How Republican senators justified their decision to kill the nomination of Goodwin Liu.
Adam Serwer has suggested that the opposition to Liu was petulant payback for Liu's admittedly scathing 2006 testimony against Justice Samuel Alito. (Liu testified at the time that "Alito's record envisions an America where police may shoot and kill an unarmed boy to stop him from running away with a stolen purse; where federal agents may point guns at ordinary citizens during a raid, even after no sign of resistance; where the FBI may install a camera where you sleep on the promise that they won't turn it on unless an informant is in the room; where a black man may be sentenced to death by an all-white jury for killing a white man, absent a multiple regression analysis showing discrimination; and where police may search what a warrant permits, and then some.") Liu has since admitted that his words were "unduly harsh," although he has declined to recant the substance of his criticisms, and Alito continues to give us reason to believe that at least some of those predictions about warrants were accurate. Kevin Drum agrees that it's the umbrage that really fueled the opposition to Liu. Certainly, John McCain and Graham used it as their main indictment. So did Mike Lee (R-Utah).
But stop and think about the absurdity: Liu's alleged crime was meanness in pointing out (meanly) that Alito was mean. The reduction of every last judicial nominee to the cruelest thing he or she ever did or said (Alito as a racist; Sotomayor as racist man-hater; Kagan as loather of the armed services) seems to be the only legal litmus test we seem to have left. And now Liu has the distinction of being the first nominee to be called a bully for having called another nominee a bully.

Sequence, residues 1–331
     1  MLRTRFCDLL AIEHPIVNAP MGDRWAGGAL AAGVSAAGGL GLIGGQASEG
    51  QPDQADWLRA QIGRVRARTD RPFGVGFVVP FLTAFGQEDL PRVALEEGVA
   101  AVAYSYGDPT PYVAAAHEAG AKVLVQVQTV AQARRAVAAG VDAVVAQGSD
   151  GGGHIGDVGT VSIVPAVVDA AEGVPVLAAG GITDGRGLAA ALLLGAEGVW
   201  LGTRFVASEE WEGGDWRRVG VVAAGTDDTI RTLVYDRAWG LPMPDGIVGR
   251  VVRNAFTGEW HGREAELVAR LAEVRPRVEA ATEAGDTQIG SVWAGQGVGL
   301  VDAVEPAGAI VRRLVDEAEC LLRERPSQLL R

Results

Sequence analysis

The idea that Liu's condemnation of Alito was so injudicious as to render him unfit to serve is as absurd as the rest of the arguments against him (hater of the constitution, lover of things foreign, maker-upper of new rights). Liu is not the first judicial nominee to speak about politics and the court in overtly partisan terms. He is not the first judicial nominee to criticize the Supreme Court or its decisions. If Liu's original sin is that he insulted someone at a confirmation hearing, there is hardly a member of the Judiciary Committee who isn't a big, fat bully as well. At least Liu had the good grace to take it back.
It's not just the inane kindergarten quality of a national constitutional dialogue reduced to a fight about who hurt whose feelings at the finger-painting table. It's also the inane kindergarten quality of all future legal discourse if this is the only benchmark by which an individual is to be judged. If the "extraordinary circumstance" that renders Liu unfit to serve is a rant about the implications of constitutional conservatism, let's all agree that the legal academy should hereinafter confine itself to bracing discussions of domestic cheeses. This is not a smart game for either side: Ignoring substantial scholarship, testimony, and a lifetime of legal work in order to read menacing intent into a few errant statements.
It's simply a terrible mistake to reduce a nominee to their small acts of meanness, real or imagined. Because we are all of us mean. That isn't a defense of ever-more-toxic personal attacks. It's a defense of the proposition that the measure of one's entire judicial temperament cannot be reduced to a single gotcha footnote in an article, or a single provocative sentence in a speech. Those are only "extraordinary circumstances" in the life of someone who has spent their whole public life sitting in a cave watching cartoons. And if that seems like a radical idea, I would remind you that it's precisely the proposition that the Gang of 14 ostensibly agreed to back in 2005.
Dahlia Lithwick writes about the courts and the law for Slate.
Photograph of Goodwin Liu by Chip Somodevilla/Getty Images.